Unpacking the mining infrastructure plan

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The government’s national infrastructure plan is intended to transform the economic landscape of South Africa.

Mathapelo Malao

The government’s national infrastructure plan is intended to transform the economic landscape of South Africa, create a significant number of new jobs, strengthen the delivery of basic services to the people of South Africa and support the integration of African economies.

In response to the challenge of facilitating infrastructure investment, Cabinet established the Presidential Infrastructure Co-ordinating Commission (PICC), with its supporting management structures.

The government will be integrating and phasing investment plans across 18 strategic integrated projects (SIPs).

The New Growth Path sets a goal of creating five million new jobs by 2020 and highlights opportunities in specific sectors and markets to drive job creation.

Though the industry faces significant challenges including the recent labour unrest, falling productivity levels and increasing input price pressure, the mining sector has been identified as one of the most significant sectors to drive job creation.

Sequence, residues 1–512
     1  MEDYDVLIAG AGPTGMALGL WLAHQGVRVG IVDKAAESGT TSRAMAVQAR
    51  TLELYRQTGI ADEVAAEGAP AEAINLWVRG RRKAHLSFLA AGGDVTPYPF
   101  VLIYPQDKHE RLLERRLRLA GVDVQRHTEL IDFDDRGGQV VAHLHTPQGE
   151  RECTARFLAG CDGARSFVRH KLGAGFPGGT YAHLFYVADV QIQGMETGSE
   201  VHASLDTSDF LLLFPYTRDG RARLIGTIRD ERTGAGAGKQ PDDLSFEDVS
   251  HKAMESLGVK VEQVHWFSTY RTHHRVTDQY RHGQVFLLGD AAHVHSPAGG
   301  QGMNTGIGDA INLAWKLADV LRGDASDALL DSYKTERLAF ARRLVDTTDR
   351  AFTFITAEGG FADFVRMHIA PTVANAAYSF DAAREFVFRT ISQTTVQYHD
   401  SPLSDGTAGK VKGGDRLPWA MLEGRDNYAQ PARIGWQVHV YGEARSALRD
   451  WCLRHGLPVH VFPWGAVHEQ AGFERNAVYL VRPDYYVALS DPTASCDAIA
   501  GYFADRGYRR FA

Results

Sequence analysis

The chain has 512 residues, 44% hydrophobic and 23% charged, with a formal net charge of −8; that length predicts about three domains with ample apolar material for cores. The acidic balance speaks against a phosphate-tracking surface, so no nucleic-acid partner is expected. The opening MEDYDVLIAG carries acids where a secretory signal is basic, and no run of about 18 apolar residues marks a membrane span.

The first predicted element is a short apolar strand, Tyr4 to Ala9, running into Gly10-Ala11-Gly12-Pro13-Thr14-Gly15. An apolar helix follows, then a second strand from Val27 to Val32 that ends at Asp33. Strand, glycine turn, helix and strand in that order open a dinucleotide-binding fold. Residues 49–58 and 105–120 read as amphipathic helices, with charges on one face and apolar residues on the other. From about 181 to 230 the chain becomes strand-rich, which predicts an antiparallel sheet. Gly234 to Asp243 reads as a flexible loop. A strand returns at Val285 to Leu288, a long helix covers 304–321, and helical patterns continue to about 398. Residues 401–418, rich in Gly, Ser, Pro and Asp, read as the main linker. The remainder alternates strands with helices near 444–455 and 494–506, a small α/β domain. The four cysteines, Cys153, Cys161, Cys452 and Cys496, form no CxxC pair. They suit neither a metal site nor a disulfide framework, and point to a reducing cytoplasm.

There are currently three SIPs that have a particular emphasis on mining-related investment, namely:
• SIP 1: Unlocking the northern mineral belt with Waterberg as a catalyst
• SIP 3: South-eastern node & corridor development
• SIP 5: Saldanha-Northern Cape development corridor

The mining industry plays a vital role in the growth and development of South Africa and its economy.

Since the earliest discoveries of minerals in the region, this rich endowment of mineral resources has been a key driver of South Africa’s social and economic development.

Mining continues to be one of the most significant sectors of the South African economy, providing jobs, contributing 8.6% to gross domestic product (GDP) and building relations with international trading partners.

Mining is the cornerstone of the economy of the northern mineral belt (in particular the Waterberg region) and currently accounts for more than 50% of the GDP of the area.

It is critical that South Africa’s mineral resources be directed to benefit key social and economic objectives for sustained growth and meaningful transformation.

Unlocking the northern mineral belt with Waterberg (SIP 1)
Mining activities in the northern mineral belt include coal, platinum and other minerals for local use and export.